• 11Departments of Medicine (General Internal Medicine), Biostatistics, and Epidemiology, and Welch Center for Prevention, Epidemiology, and Clinical Research, The Johns Hopkins University, Baltimore, Maryland
JAMA Surg. 2018;153(11):987-995. doi:10.1001/jamasurg.2018.2602
Key Points

Question  Does limiting sedation levels during hip fracture repair under spinal anesthesia reduce postoperative delirium overall or when stratified by baseline comorbidity?

Findings  In this randomized clinical trial that included 200 older patients randomized to receive lighter vs heavier sedation, limiting levels of sedation provided no significant overall benefit in reducing incident delirium. However, in a prespecified subgroup analysis, heavier vs lighter sedation levels doubled the risk of postoperative delirium in patients with low baseline comorbidities as defined by a Charlson comorbidity index score of 0.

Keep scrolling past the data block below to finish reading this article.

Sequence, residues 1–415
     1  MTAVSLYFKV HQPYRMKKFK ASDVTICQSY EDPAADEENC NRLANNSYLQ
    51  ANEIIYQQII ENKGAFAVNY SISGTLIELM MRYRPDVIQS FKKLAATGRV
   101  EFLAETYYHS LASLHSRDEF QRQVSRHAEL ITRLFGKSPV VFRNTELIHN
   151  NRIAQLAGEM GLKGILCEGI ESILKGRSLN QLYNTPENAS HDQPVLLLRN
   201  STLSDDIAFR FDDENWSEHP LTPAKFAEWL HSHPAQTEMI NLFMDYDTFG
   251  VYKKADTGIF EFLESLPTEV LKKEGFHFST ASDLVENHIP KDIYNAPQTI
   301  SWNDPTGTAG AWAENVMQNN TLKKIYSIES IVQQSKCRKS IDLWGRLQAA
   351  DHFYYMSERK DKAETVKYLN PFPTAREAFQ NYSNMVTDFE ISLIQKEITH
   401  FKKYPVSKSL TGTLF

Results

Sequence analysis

Meaning  Limiting intraoperative sedation levels may reduce delirium in older patients with low baseline comorbidity.

Abstract

Importance  Postoperative delirium is the most common complication following major surgery in older patients. Intraoperative sedation levels are a possible modifiable risk factor for postoperative delirium.

Objective  To determine whether limiting sedation levels during spinal anesthesia reduces incident delirium overall.